Road To Singapore

  • 1940
  • Movie
  • NR
  • Comedy, Musical

This is the one that started it all and it is also one of the weakest of the "Road" pictures. There are two stories as to how it came to be. The studio bought a Harry Hervey original entitled "The Road to Mandalay" which was an adventure story. It was then turned into a comedy and rejected by George Burns and Gracie Allen, as well as Fred MacMurray and...read more

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This is the one that started it all and it is also one of the weakest of the "Road" pictures. There are two stories as to how it came to be. The studio bought a Harry Hervey original entitled "The Road to Mandalay" which was an adventure story. It was then turned into a comedy and

rejected by George Burns and Gracie Allen, as well as Fred MacMurray and Jack Oakie before being seen by Hope and Crosby. The other tale is that producer Thompson and director-songwriter Schertzinger played golf one afternoon with Hope and Crosby and such a good time was had by all that they

decided to work together. This movie, although never intended to be more than a one-shot, did such huge business when released that everyone was happily amazed. It was Paramount's biggest grosser of the year and it came at the right time as the studio had turned out a series of less-than-rewarding

pictures in the previous months. Crosby is an affable young man, the son of hard-driving Coburn, a millionaire shipping mogul. Coburn wants Crosby to give up his life of playboy ease and take his place as the head of the company, but Crosby hates the thought of sitting behind a desk and walks out

on the job as well as his fiancee, Barrett. Crosby would rather spend his life bumming around the world with his best friend, Hope. The two take off for the furthest point they can find on the map, Singapore. Once there, they rent a tiny house and begin pub-crawling. At one of the clubs, they see

Lamour as part of a dangerous vaudeville act. She puts a cigarette in her mouth and it is snatched out by Quinn, a South American who snaps a bullwhip. They can't bear the thought of that lovely face being marred by a whip so they take her back to their place where she sincerely appreciates what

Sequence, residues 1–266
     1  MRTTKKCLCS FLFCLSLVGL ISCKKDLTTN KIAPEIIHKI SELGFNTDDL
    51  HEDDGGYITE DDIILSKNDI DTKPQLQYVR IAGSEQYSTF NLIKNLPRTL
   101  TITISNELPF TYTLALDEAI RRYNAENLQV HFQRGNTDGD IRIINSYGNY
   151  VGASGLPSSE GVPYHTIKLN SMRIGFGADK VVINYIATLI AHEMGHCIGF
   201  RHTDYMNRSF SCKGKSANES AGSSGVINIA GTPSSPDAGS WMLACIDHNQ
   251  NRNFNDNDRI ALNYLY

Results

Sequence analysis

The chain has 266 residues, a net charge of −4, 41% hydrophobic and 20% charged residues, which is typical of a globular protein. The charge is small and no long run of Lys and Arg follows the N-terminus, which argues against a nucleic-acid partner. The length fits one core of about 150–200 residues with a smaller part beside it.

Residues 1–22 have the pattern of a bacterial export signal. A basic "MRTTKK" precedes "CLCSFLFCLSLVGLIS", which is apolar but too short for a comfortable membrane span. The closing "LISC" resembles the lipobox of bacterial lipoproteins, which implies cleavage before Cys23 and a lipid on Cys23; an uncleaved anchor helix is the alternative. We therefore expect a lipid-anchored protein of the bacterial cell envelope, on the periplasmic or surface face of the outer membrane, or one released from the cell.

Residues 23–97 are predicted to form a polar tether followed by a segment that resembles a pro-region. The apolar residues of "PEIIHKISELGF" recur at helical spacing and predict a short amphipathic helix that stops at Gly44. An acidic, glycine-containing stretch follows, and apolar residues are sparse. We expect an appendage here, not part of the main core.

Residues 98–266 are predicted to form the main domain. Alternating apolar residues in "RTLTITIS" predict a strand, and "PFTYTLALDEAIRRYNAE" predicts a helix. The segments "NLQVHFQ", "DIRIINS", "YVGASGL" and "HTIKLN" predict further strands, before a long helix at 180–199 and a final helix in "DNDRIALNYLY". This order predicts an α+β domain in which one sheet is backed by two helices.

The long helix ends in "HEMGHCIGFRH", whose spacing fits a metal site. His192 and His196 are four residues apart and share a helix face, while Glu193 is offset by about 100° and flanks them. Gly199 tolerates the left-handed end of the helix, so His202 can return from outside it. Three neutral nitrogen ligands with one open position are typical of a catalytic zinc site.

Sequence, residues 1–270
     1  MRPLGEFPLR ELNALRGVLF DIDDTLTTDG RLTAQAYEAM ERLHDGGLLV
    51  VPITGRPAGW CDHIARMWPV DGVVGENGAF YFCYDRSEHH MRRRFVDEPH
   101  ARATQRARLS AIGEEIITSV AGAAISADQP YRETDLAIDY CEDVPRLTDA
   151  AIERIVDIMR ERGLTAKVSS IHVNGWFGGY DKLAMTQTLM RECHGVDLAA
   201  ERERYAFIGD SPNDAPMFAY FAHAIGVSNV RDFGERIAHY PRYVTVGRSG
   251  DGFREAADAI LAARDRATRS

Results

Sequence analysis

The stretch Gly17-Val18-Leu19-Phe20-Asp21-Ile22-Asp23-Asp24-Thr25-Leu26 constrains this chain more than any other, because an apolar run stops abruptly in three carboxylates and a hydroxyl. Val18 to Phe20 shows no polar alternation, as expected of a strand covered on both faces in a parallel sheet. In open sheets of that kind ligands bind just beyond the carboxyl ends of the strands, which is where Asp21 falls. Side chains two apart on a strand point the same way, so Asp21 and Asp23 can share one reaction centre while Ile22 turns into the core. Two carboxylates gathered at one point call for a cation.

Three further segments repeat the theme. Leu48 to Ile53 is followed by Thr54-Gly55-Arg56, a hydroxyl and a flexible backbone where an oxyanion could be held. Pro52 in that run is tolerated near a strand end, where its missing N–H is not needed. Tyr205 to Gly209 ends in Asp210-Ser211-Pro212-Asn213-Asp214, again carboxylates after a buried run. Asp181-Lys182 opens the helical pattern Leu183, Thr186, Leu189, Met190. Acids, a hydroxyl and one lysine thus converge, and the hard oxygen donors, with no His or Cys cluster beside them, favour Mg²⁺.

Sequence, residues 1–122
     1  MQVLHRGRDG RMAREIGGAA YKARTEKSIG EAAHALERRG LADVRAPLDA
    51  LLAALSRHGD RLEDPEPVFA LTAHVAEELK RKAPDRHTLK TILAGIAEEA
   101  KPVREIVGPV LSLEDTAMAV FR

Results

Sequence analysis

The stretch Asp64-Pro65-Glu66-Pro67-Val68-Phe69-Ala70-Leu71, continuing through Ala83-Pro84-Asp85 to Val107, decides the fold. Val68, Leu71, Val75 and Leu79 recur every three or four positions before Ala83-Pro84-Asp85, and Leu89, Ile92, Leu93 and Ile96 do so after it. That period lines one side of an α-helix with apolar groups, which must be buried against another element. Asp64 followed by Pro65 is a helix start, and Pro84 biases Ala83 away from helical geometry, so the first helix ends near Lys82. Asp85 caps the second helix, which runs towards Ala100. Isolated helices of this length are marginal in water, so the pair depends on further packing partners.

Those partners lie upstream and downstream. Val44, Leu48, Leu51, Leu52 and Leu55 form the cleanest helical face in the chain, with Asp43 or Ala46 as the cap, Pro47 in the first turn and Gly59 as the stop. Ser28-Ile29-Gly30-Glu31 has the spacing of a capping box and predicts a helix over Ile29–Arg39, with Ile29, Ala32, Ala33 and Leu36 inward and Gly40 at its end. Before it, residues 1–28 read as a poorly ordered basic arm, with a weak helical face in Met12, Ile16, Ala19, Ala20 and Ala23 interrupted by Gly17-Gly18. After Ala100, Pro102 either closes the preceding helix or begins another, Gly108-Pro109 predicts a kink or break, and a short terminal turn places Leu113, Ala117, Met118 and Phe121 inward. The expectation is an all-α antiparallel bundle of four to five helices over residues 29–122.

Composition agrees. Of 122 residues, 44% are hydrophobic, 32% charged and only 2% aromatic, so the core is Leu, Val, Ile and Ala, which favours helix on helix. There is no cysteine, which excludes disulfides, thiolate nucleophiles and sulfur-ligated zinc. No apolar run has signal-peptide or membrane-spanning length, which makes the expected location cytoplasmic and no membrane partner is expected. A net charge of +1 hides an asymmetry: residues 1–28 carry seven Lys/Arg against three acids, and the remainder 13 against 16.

they've done and agrees to become their housekeeper in return for room and board. The menage begins to get complicated as both men are falling for Lamour who admits that she likes one of them over the other but won't reveal her preference until she is certain that she is right about her emotions.

Time passes and Coburn and Barrett are applying pressure on Crosby to return to the US and marry, as well as take over the company. Crosby puts it to Lamour and says he will go back if she chooses Hope. Lamour's answer is that she does prefer Hope. Crosby is shattered, but being a gentleman,

congratulates the couple and goes back. Dissolve: We then learn that Lamour was only saying that because she couldn't bear to come between Crosby and a woman he'd known before. Once Crosby discovers the truth, he books passage to Singapore and returns to the woman he's wanted from the first reel,

thereby leaving Hope out in the cold for the first of many times in the ensuing movies. While there were a few zippy moments, Hope and Crosby had yet to develop their style when this was made. As the years passed, Hope's quick lines began to blend well with Crosby's more relaxed manner and the

contrast proved to be pleasing to millions of happy theatergoers. Songs by Johnny Burke and James V. Monaco included: "Too Romantic" (sung by Crosby, Lamour), "Sweet Potato Piper" (sung by Crosby), "Kaigoon," and then Burke teamed with director Schertzinger to write "Captain Custard" (sung by

Hope, Crosby) and "The Moon and the Willow Tree" (sung by Lamour). ROAD TO SINGAPORE confounded all the pundits with the money it brought in and proved to be a refreshing start to a series of seven, almost all of which were better than the original.

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  • Rating: NR
  • Review: This is the one that started it all and it is also one of the weakest of the "Road" pictures. There are two stories as to how it came to be. The studio bought a Harry Hervey original entitled "The Road to Mandalay" which was an adventure story. It was then… (more)

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